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This question might seems naive, but I'm not a physics student and got puzzled here.

There are three masses placed on the plane and they form the 3 vertices of an equilateral triangle. Every two of them are connected by a spring with spring constant $k$. It's well known that this system has 6 normal modes:

  1. translation in the x- or y- axis. These two form an 2d irre-rep of $D_3$ but with a zero frequency of $V$
  2. a pure rotation. This corresponds to the sign rep of $D_3$.
  3. breathing mode. This is the identity rep of $D_3$.
  4. pumping mode. (this has two) These two correspond to the 2d irre-rep of $D_3$ but with a non-zero frequency of $V$.

My question arose when I was looking at the rotation mode: How does this mode look like? I was thinking it's like the follows:

There are no restoring forces in the springs: this is easy to see, but how can the masses move along the circle without any forces that holds them? (so they will not get pushed away by the centrifugal forces?)

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The masses moving in a circle have to have a net force pulling towards the center. The force will be from the vector sum of the two springs that each mass is attached to. The force components tangential to the circular path will cancel but the components in the radial direction will add and point inwards. This will require that the springs stretch a little bit.

This is like a combination of the rotation mode and breathing mode. The question to answer is, "are the normal modes a mathematical decomposition or is it possible to physically realize every normal mode?" Your question highlights that the rotation mode, by itself, can't occur without some contribution from the breathing mode.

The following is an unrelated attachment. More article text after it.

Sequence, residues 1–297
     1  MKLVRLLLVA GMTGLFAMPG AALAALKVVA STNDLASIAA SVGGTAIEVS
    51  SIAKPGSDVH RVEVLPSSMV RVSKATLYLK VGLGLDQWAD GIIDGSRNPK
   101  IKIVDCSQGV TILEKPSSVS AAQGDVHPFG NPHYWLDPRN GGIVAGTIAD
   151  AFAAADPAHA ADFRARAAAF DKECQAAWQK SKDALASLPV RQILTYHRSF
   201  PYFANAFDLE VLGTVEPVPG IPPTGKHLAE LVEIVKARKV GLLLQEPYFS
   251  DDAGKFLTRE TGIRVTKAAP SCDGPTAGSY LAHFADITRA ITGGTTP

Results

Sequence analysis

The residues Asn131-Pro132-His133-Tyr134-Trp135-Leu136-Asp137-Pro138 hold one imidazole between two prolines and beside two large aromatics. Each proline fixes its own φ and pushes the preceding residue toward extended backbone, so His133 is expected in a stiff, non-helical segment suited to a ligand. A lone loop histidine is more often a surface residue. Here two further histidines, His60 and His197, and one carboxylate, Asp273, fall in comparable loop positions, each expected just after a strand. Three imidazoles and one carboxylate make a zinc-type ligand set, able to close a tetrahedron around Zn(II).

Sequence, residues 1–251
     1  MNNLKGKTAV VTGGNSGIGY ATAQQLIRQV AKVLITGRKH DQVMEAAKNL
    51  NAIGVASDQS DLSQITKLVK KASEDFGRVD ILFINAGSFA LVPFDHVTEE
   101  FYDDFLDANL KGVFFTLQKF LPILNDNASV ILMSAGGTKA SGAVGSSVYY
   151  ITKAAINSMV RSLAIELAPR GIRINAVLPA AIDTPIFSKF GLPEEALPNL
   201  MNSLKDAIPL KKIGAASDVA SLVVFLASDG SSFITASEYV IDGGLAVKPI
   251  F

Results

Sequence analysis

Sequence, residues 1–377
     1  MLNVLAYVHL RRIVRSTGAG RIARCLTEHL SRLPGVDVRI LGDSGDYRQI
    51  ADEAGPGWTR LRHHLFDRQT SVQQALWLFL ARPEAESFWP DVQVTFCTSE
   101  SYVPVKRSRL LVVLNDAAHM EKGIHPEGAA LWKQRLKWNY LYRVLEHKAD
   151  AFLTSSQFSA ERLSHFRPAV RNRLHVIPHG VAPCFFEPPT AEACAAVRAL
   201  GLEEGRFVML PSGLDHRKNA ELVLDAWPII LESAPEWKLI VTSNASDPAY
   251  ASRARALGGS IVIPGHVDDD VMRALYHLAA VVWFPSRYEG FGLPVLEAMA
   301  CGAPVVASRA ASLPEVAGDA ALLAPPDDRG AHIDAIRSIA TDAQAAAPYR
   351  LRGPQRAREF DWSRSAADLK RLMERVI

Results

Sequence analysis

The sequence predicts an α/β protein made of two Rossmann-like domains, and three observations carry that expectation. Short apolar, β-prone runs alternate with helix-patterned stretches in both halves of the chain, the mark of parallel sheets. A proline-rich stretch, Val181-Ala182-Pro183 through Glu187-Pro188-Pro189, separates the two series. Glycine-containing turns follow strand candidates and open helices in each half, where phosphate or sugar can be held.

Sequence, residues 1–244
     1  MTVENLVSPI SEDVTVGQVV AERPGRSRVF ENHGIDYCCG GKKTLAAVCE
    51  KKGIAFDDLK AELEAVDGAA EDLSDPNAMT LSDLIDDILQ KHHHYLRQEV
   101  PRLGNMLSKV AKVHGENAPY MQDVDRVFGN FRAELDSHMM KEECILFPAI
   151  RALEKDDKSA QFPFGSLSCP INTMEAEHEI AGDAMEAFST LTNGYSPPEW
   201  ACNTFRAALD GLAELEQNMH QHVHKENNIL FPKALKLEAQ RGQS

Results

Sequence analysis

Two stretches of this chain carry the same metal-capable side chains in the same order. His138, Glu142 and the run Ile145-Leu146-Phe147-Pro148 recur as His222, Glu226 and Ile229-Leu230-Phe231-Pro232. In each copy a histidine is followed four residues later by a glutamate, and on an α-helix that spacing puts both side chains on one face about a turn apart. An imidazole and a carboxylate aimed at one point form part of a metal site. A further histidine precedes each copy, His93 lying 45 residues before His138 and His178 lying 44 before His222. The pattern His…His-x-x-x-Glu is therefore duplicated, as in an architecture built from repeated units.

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  • $\begingroup$ @LaserMatter: Thanks for your answer, So rotation mode is only a mathematically derived mode and can not be perfectly realized in the real world? $\endgroup$ – Zhao_L Sep 24 '16 at 6:09
  • $\begingroup$ @LaserMatter On further consideration of your very good answer I think that the rotational mode has the stretched springs "built into it" so it is a realisable physically. What is not physically realisable is a rotation with unstretched springs? $\endgroup$ – Farcher Sep 24 '16 at 7:57
  • $\begingroup$ @Farcher yeah I agree. The breathing mode is an oscillation. So I was incorrect. Maybe that's what happens when I answer questions late at night. But the fact that the spring stretch to provide the needed centripetal force is still true. $\endgroup$ – LasersMatter Sep 24 '16 at 13:40
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There are no restoring forces in the springs: this is easy to see, ......

I do not think that this statement is correct.
The rotational mode has stretched springs but the masses do not vibrate whereas the breathing and two clapping modes do have the masses vibrating about the centre of mass. It is those stretched springs which provide the centripetal forces on each of the masses which allow the masses to rotate about their common centre of mass.